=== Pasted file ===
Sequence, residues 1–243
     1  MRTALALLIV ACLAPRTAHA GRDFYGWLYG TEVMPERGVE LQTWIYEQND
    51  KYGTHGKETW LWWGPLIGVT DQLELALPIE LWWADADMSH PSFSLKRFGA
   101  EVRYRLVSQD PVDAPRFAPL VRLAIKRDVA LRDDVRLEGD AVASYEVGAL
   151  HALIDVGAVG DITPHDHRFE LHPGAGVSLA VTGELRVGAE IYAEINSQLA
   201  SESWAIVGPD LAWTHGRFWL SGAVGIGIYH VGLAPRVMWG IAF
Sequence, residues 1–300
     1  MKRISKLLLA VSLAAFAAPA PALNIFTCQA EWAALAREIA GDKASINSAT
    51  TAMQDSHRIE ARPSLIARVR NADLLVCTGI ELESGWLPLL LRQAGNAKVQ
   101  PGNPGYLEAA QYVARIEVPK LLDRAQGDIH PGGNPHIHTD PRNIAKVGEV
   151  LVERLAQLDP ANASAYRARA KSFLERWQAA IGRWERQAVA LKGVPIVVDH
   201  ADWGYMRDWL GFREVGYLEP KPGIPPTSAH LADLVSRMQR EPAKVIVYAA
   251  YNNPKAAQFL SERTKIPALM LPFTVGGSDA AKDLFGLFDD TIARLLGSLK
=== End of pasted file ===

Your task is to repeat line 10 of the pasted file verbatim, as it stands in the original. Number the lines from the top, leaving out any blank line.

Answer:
   101  PGNPGYLEAA QYVARIEVPK LLDRAQGDIH PGGNPHIHTD PRNIAKVGEV